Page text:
Search results

12 items
  1. Towards a Healthier Legal Environment

    • Ernestien Jensema, Martin Jelsma, Tom Kramer, Nang Pann Ei Kham, Gloria Lai, Tripti Tandon
    16 February 2015
    Report

    The decision of the Myanmar Government to review drug laws is not only timely, but also offers a prospect to improve the drugs legislation and to ensure that the laws address drug-related problems in the country more effectively.

  2. Bouncing Back

    • Ernestien Jensema, Martin Jelsma, Tom Kramer, Tom Blickman
    01 June 2014
    Report

    TNI's indepth examination of the illegal drug market in the Golden Triangle, which has witnessed a doubling of opium production, growing prison populations and repression of small-scale farmers. This report details the failure of ASEAN's 'drug free' strategy and the need for a new approach.

  3. The Rise and Decline of Cannabis Prohibition

    • David Bewley-Taylor, Martin Jelsma, Tom Blickman
    07 March 2014
    Report

    Cannabis was condemned by the 1961 Single Convention on Narcotic Drugs as a psychoactive drug with “particularly dangerous properties” and hardly any therapeutic value. Ever since, an increasing number of countries have shown discomfort with the treaty regime’s strictures through soft defections, stretching its legal flexibility to sometimes questionable limits.

  4. Developing Disparity

    • Kevin Woods, Tom Kramer, Jennifer Franco, Joseph Purugganan
    19 February 2013
    Report

    Unless foreign direct investment in Burma's war-torn borderlands is refocused towards people-centered development, it is likely to deepen disparity between the region’s most neglected peoples and Burma's new military, business and political elite and exacerbate a decades-long civil war. 

  5. Addicted to punishment

    • Jorge Parra Norato, Rodrigo Uprimny Yepes, Diana Esther Guzmán
    21 January 2013
    Paper

    This report reveals the average maximum sentence for a drug offense rose from 34 years in prison in 1950 to 141 years today and in three countries surveyed, drug trafficking was subject to longer maximum and minimum penalties than murder.

  6. Financing Dispossession

    • Kevin Woods, Tom Kramer
    21 February 2012
    Report

    China’s opium crop substitution programme has very little to do with providing mechanisms to decrease reliance on poppy cultivation or provide alternative livelihoods for ex-poppy growers. Financing dispossession is not development.
     

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    Civil Society Gaining Ground

    • Tom Kramer
    15 November 2011
    Report

    Local organisations have adopted different strategies towards the authoritarian government in Burma. Focussing on the dynamics of civil society Tom Kramer looks into the possibilities and risks of growing international interest in engagement with these groups.

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    Burma's Longest War: Anatomy of the Karen Conflict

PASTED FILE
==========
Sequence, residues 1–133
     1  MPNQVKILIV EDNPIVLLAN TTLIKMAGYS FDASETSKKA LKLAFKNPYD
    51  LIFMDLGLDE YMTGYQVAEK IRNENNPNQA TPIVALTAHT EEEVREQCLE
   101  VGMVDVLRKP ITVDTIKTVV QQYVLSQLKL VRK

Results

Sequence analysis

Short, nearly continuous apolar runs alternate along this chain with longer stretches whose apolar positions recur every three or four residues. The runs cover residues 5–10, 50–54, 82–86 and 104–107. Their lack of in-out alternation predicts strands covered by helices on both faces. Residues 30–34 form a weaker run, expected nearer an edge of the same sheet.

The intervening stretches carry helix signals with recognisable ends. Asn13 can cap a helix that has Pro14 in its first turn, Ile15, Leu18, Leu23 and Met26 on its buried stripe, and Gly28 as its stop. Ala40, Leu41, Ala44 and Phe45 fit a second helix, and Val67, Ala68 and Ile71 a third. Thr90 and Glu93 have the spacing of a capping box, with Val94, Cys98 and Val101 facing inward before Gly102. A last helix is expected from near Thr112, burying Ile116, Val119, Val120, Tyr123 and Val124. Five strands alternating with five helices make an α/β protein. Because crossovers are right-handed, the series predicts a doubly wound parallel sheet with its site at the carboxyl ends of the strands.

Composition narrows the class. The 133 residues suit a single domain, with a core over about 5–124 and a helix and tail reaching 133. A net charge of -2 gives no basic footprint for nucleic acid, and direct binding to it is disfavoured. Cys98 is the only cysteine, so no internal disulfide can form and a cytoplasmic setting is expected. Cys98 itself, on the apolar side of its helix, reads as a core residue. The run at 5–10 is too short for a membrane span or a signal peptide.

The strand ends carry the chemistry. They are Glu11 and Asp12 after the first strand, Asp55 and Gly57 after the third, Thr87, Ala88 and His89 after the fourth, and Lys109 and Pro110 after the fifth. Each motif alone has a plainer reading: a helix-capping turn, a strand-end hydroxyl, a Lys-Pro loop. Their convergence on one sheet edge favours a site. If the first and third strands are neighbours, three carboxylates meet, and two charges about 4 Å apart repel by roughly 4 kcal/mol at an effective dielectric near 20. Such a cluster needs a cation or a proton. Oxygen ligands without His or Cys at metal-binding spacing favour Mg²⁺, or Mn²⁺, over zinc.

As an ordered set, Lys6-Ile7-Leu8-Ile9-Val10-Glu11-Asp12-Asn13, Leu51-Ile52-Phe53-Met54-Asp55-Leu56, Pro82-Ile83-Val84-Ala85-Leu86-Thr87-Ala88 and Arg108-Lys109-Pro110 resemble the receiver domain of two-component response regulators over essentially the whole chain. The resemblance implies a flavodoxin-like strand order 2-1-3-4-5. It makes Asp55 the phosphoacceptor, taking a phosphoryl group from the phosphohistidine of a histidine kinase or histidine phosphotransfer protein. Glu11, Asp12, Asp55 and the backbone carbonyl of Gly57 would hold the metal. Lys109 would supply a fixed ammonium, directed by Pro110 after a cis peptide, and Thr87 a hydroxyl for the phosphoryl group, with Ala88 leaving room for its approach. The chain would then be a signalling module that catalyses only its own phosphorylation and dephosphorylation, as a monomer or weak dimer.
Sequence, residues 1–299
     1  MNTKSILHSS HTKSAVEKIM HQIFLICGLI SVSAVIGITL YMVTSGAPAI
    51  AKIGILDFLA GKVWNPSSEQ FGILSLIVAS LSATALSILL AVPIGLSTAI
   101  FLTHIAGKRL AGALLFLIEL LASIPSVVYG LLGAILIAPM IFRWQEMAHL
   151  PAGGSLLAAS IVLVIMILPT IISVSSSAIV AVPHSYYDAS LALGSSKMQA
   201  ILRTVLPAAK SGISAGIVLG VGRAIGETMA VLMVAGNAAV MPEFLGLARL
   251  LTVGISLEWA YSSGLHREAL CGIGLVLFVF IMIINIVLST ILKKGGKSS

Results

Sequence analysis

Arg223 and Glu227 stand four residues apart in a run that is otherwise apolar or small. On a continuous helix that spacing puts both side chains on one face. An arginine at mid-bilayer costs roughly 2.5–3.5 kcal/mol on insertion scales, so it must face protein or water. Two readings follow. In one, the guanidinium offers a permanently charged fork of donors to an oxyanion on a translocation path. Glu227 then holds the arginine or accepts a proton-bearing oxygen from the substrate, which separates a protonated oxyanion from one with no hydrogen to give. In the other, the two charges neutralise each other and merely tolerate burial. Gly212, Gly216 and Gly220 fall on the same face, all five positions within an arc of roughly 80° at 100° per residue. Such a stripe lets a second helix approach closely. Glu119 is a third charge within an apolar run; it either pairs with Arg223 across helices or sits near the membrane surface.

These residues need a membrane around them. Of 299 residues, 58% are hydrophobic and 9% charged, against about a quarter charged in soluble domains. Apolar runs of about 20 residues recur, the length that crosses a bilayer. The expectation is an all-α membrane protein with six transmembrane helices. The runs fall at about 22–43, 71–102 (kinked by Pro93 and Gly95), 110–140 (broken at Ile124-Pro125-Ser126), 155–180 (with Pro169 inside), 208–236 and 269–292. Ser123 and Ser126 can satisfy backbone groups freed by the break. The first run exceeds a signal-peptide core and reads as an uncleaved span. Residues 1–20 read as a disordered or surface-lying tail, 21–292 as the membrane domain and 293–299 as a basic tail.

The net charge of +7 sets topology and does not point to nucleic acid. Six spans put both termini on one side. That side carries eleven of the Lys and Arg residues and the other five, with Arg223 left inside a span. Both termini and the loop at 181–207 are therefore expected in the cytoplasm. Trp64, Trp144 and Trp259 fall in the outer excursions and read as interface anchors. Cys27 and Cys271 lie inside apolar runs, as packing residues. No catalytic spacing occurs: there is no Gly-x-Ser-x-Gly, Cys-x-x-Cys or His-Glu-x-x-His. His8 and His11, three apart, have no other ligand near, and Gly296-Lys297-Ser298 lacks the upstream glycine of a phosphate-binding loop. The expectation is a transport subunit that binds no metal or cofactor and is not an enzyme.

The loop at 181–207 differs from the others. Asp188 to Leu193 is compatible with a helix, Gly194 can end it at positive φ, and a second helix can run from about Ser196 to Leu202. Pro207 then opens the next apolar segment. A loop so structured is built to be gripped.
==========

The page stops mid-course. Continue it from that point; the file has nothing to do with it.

• Ashley South
    28 March 2011

    As Burma enters a period of political transition, the role of the Karen ethnic communities will be critical in responding to the political and economic challenges that will shape their future. An in-depth history and analysis of the Karen's complex relationship with the Burmese state and central government.

  9. Systems Overload

    09 December 2010

    An unprecedented one-year comparative study on the impact of the drug laws and prison systems in eight Latin American countries – Argentina, Bolivia, Brazil, Colombia, Ecuador, Mexico, Peru and Uruguay – reveals that drug laws have contributed to the prison crises these countries are experiencing. The drug laws impose penalties disproportionate to many of the drug offenses committed, do not give sufficient consideration to the use of alternative sanctions, and promote the excessive use of preventive detention.

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    Burma: Neither War Nor Peace

    05 July 2009
    Report

    Whilst a twenty year ceasefire still holds, there is unlikely to be peace and democracy in Burma without a political settlement that addresses ethnic minority needs and goals.

  11. Withdrawal Symptoms in the Golden Triangle

    09 January 2009
    Report

    Drug control agencies have called the significant decline in opium production in Southeast Asia over the past decade a 'success story'. This report casts serious doubts on the claim noting that Southeast Asia suffers from a variety of 'withdrawal symptoms' that leave little reason for optimism.

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    Trouble in the Triangle

    • Martin Jelsma, Pietje Vervest, Tom Kramer
    22 July 2005
    Book

    A collection of ten papers that analyse the relationship between drugs and conflict in Burma and the consequences of the Burmese illicit drugs economy for neighbouring countries.